In addition to the room assignment problem, we found the ship to be in poor repair (and it was supposedly in dry dock in 2009). This was very surprising, considering how meticulous Disney is about their facilities. There were broken chairs in Animator's Palate, our balcony in our new cabin had big rust spots in several locations, our bedspread looked like it was an original item from the inaugural sailing in 1998, our bathroom floors looked worn out, the plastic deck chairs by the pools were faded and worn out, there were stains in carpets in several locations, lights were not working in Animator's Palate, etc. Once you start seeing flaws, then you see more and more evidence of neglect.
The third issue was the quality of the food in the dining rooms, which was wildly variable, veering from almost inedible to above-average in a few cases. The food in Palo was excellent, as usual. Our server could see that we were not happy with the food on the second night, in Lumiere's, when three of us at our table of four had Beef Wellington that was mediocre at best. After that evening, our assigned table-mates disappeared from the dining room for several nights, preferring the Topsider Buffet! Unfortunately, the Disney response to this issue was to be overly solicitous to the point that we were completely annoyed. One evening in Animator's Palate, we had a very decent shrimp and pasta dish, but at the end of the meal our server brought us (without asking) a pork chop dish that we had praised from a previous dinner in Parrot Cay. We were full, but she stood there looking hurt until we ate several bites of the pork chop, treating us like recalcitrant children. My meal the last night (a seafood pasta) was indeed inedible, so this was very disappointing. In contrast, the very low key dining room service on Oceania and Cunard is wonderful and they would never dream of intruding in this manner. The Animator's Palate first-night "show" was also trimmed down in its effects and seemed almost ludicrous.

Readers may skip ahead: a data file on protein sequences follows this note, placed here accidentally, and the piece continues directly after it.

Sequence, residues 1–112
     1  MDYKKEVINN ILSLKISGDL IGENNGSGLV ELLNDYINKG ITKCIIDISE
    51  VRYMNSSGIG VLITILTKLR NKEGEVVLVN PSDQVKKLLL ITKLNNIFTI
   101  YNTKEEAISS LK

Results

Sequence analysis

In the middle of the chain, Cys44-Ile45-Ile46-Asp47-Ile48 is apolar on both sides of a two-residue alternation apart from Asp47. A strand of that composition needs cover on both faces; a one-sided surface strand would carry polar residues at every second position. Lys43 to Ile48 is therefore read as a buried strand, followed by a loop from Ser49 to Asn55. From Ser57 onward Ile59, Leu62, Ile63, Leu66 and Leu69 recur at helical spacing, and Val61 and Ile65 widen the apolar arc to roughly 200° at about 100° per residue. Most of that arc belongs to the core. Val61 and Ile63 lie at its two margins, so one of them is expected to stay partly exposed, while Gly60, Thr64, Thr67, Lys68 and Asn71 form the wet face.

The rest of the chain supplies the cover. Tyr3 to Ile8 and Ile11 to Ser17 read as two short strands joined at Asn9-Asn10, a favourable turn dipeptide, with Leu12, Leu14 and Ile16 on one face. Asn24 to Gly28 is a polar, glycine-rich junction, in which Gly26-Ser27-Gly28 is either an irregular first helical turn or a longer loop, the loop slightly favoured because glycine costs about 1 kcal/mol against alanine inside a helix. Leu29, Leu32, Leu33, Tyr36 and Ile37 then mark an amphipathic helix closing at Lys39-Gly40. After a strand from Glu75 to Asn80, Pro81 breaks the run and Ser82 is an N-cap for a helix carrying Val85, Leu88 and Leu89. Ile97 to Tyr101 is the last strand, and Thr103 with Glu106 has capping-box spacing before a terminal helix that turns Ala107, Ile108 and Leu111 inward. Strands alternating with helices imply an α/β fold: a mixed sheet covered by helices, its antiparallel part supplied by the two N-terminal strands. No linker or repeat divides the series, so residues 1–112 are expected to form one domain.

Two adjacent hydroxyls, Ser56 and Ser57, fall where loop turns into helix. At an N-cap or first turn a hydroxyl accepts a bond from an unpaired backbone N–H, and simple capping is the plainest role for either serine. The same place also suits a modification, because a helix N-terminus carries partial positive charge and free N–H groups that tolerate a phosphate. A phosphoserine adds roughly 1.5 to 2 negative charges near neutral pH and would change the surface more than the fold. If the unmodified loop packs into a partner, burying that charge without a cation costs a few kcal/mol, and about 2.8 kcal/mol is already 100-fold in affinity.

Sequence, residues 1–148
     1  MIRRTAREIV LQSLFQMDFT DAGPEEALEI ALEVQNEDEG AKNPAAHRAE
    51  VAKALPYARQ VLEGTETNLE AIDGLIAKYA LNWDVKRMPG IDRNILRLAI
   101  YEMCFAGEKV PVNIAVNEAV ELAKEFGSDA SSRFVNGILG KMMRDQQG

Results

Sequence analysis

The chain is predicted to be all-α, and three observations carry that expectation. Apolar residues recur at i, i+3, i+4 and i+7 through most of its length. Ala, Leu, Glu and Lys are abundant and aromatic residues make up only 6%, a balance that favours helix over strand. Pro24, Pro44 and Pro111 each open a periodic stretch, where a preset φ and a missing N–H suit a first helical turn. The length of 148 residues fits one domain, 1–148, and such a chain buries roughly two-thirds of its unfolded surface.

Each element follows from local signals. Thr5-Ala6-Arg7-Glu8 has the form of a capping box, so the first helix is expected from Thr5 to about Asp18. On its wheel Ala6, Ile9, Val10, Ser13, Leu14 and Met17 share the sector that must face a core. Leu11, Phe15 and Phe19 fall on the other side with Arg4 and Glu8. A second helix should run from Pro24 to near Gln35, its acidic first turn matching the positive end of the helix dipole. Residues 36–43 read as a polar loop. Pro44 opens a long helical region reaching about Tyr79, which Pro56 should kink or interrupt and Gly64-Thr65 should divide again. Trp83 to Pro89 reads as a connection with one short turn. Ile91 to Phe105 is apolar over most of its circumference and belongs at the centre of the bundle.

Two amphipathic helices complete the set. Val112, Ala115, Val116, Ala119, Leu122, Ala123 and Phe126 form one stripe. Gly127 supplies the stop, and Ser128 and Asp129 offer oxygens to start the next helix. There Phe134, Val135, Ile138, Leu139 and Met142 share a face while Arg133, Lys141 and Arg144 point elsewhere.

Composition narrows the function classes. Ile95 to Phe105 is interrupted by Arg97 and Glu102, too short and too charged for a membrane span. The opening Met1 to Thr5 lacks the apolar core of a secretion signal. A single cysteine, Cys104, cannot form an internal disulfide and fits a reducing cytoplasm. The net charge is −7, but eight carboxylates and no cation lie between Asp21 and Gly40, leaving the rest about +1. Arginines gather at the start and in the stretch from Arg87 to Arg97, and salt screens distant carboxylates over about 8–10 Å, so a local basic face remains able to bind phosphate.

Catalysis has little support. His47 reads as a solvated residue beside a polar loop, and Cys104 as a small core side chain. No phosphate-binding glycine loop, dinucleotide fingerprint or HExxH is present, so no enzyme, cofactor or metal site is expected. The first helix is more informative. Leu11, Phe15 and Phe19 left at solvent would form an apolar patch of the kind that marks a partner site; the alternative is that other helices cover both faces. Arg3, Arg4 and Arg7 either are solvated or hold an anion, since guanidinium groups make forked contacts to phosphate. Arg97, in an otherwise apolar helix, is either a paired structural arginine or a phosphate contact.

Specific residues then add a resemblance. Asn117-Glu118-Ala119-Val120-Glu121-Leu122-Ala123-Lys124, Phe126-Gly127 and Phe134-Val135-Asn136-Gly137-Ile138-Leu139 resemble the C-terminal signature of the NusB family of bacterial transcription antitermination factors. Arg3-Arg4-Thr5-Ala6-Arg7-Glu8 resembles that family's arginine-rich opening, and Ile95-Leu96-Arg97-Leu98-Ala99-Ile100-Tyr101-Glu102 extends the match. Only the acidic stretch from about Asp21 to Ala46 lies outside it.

The fourth issue had to do with the incompetence of the shore excursion staff. I have some recent disabilities and use a cane or travel wheelchair, depending on the circumstances. I carefully researched every shore excursion that we booked in advance of this cruise and determined which ones were accessible or would not require much walking. Because of these issues, I would prefer to be near the front of the bus if at all possible so I don't have to try and walk down the narrow aisles. At our first port, we asked one of the staff about getting access to a seat near the front of the bus. He shrugged and told my husband "to run" to the bus pushing me in the wheelchair! At other ports, they were more aware of the need for handicapped seating and helped us get to the bus, but it was always a stressful situation and the rudeness of some of the able-bodied passengers didn't help, as they ran to the bus to get the front rows. This issue culminated in a shore excursion in Saint Petersburg that was advertised as "accessible" but required me to inform the shore excursion staff in advance. I did inform the staff (twice), but was almost forced to walk through the Hermitage, including navigating over 200 steps (I don't do steps well at all). The tour company, at the last minute, brought in a second guide to help us through the Hermitage using the single elevator.